SFPOA Makes Childish Attack on SFDSA

On January 14, 2023 at 8:12 PM, the San Francisco Police Officers Association (SFPOA) made a statement that was misleading and contained falsehoods. The SFPOA claimed that the San Francisco Sheriff’s Office (SFSO) cannot staff the jails, but this is not true. According to mandatory guidelines, SFSO Deputy Sheriffs are required to staff the jails.  The SFSO staffs the jails on voluntary overtime or mandated overtime. The SFSO is working to increase recruitment and reduce overtime, and has made significant progress in recruiting new Deputy Sheriffs.

The SFPOA also claimed that the SFSO lacks the training required to perform their duties. This is also untrue. The SFSO has the same POST training certifications as police officers and more. The only additional training required by the California Peace Officers Standards of Training is an Aviation Security Training course, which is only a 40 hour course. The SFPOA is presenting this as a significant hurdle, but it is not.  Additional training can be easily accomplished. See our current list of training in our article “San Francisco Deputy Sheriffs are highly trained individuals.

The SFPOA also stated that the SFSO lacks the training to respond to a terrorist attack. The SFDSA strongly disagrees with this claim. In the event of a terrorist attack, the SFPD will turn to the SFSO for assistance. The SFSO has a long history of responding to large scale emergencies such as riots, the Loma Prieto Earthquake, and forest fires. The SFSO also responded to the recent COVID-19 pandemic and worked 24/7 to protect the public.

SFPOA Childish Attack with false info

 

The San Francisco Sheriff’s Office (SFSO) has a dedicated Emergency Services Unit (ESU) that includes a Special Response Team, a Crisis Negotiation Team, and a Radio Telephone Operator Team. These teams respond to emergencies within the Department, City, and County of San Francisco, as well as mutual aid requests from other jurisdictions. The ESU also includes a Mobile Field Force (MFF) that is trained to respond to major critical incidents, including Chemical, Biological, Radiological, Nuclear, and Explosive (CBRNE) devices. The MFF is led by a Platoon Commander, an Executive Officer and is divided into four squads.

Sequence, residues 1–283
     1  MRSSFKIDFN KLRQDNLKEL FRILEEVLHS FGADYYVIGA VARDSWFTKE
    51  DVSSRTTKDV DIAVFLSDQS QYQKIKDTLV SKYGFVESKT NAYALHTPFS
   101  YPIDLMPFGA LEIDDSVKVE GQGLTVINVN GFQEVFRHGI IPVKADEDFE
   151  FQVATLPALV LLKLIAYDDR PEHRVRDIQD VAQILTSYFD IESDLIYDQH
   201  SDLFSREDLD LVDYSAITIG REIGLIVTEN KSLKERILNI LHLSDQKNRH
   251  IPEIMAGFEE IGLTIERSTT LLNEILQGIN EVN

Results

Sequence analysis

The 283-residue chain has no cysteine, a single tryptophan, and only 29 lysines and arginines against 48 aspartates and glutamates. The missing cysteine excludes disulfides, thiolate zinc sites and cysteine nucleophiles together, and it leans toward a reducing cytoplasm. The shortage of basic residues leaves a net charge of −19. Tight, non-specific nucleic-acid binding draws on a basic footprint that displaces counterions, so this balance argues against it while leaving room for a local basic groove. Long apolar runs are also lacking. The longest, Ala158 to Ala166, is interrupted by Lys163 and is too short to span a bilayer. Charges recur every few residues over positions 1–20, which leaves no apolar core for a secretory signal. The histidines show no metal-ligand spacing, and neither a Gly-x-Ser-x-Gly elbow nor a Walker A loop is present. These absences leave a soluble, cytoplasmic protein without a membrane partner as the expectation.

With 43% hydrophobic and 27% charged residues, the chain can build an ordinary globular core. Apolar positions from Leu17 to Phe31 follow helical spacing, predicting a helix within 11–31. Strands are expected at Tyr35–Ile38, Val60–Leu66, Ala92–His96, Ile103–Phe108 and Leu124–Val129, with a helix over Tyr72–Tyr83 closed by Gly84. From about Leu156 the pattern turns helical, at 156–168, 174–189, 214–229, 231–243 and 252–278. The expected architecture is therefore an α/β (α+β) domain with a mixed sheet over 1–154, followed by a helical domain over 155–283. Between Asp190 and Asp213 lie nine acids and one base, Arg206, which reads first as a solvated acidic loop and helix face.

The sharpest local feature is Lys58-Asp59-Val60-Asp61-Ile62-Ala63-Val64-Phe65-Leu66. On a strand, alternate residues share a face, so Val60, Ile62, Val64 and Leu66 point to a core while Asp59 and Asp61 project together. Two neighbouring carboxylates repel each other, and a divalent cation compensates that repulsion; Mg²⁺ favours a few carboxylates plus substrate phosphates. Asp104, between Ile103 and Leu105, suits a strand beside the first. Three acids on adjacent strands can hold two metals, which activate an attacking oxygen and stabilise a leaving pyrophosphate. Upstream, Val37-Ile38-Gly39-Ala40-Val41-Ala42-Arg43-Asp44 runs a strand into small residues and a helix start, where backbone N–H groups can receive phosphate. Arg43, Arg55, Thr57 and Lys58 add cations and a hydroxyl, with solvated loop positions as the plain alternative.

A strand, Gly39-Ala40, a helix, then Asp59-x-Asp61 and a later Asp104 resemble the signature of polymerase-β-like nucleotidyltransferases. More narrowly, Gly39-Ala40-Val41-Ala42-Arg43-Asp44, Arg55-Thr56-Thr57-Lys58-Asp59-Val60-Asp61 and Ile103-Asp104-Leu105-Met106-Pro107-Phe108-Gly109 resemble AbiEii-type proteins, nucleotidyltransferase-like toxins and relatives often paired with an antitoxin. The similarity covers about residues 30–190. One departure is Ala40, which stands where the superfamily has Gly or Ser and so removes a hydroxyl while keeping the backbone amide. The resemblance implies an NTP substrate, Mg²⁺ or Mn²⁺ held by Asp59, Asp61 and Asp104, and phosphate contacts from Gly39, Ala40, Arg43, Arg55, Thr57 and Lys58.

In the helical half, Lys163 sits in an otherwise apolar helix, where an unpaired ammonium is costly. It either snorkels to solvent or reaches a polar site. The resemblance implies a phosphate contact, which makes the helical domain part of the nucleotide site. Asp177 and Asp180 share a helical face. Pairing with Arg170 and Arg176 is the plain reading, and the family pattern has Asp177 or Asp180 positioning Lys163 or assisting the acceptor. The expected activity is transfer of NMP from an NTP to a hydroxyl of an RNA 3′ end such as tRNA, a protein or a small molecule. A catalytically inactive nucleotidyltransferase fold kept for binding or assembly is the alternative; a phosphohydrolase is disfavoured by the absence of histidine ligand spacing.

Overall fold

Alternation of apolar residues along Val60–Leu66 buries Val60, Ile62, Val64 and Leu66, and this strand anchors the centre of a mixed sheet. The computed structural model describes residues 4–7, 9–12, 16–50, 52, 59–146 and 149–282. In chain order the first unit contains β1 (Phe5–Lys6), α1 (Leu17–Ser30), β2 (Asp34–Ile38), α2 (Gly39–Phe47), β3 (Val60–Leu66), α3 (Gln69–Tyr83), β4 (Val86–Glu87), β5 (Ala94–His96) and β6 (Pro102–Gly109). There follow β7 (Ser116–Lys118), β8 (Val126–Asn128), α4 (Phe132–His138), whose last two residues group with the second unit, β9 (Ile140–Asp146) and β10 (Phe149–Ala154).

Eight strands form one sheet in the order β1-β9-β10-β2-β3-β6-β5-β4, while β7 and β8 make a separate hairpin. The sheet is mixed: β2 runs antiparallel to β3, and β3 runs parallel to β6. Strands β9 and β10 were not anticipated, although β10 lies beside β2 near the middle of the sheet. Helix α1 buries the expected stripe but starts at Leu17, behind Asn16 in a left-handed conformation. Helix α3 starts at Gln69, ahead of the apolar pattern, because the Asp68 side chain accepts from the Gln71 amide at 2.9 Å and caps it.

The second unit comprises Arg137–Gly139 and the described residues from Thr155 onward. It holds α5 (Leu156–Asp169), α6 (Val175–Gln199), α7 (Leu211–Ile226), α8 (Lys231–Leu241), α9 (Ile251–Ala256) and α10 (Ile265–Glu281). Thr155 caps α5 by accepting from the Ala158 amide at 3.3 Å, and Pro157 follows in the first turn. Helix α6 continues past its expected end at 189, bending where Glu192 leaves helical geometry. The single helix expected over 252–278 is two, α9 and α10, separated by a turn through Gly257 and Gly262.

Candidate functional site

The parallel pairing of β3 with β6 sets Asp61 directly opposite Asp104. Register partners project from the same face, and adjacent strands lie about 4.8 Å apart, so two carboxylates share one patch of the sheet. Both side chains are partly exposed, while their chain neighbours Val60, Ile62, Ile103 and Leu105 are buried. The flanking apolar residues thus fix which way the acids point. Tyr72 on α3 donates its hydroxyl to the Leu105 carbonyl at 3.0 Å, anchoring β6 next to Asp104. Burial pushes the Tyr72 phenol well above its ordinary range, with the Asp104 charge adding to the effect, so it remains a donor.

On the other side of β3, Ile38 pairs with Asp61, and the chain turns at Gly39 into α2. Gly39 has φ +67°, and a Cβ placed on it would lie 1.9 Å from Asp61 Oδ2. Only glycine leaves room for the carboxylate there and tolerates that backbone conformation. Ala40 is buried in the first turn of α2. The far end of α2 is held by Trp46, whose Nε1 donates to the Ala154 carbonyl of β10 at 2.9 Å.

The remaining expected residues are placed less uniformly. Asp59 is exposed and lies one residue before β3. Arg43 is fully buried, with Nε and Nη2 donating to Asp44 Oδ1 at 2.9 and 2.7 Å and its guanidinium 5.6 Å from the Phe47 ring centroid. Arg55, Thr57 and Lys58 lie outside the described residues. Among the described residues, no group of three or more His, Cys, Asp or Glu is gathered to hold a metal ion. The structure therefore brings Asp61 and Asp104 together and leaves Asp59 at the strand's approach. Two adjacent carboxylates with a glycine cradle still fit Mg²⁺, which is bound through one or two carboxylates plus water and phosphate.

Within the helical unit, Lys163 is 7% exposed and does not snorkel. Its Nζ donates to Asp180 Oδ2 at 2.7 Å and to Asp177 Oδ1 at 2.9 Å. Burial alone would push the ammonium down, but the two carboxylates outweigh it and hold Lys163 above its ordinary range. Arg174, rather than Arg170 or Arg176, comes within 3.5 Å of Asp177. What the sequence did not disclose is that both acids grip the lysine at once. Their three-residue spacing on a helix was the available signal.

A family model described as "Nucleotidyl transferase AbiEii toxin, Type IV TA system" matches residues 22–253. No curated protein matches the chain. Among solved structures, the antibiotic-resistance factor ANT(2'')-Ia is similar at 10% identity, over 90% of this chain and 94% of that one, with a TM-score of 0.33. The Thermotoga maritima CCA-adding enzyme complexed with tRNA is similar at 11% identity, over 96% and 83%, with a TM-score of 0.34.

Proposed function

The San Francisco Police Officers Association (SFPOA) has misleadingly claimed that it is not possible for Deputy Sheriffs to work at the airport. However, the SFPD arrest data at the airport is minimal, with an average of approximately 300 arrests per year, and approximately 130 SFPD officers (staffing data from 2020). Additionally, the SFPD has 27 Sergeants at the airport, which is an unusual ratio of 1 supervisor to every 5 police officers. It is clear that the level of arrests at the airport is low and it would be a misuse of City resources to have SFPD at the airport. We will provide updated data as it becomes available.

As stated on Twitter prior to the SFPOA’s misleading post, it is possible for the SFSO to staff the airport. First, we can grandfather in any PD Officer close to retirement. Second, a percentage of the police officers at the airport can return to SF to patrol. And third, the SFDSA will work with the Sheriff to create a functional staffing plan and assist with recruiting. This can be done in a phased approach, not overnight.

SFPOA Released False Info to the Public